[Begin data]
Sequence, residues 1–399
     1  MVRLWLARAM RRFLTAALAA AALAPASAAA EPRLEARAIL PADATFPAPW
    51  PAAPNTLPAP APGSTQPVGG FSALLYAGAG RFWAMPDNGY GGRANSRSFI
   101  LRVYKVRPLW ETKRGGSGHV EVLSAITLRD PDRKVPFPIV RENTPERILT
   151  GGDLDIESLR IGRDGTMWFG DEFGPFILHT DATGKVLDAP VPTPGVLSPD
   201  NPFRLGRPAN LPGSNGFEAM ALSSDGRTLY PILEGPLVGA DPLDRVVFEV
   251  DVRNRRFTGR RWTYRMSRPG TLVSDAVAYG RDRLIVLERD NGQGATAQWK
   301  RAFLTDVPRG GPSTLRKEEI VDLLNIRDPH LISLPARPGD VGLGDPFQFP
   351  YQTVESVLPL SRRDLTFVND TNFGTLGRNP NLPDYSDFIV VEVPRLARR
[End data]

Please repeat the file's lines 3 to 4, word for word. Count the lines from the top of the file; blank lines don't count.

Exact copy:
    51  PAAPNTLPAP APGSTQPVGG FSALLYAGAG RFWAMPDNGY GGRANSRSFI
   101  LRVYKVRPLW ETKRGGSGHV EVLSAITLRD PDRKVPFPIV RENTPERILT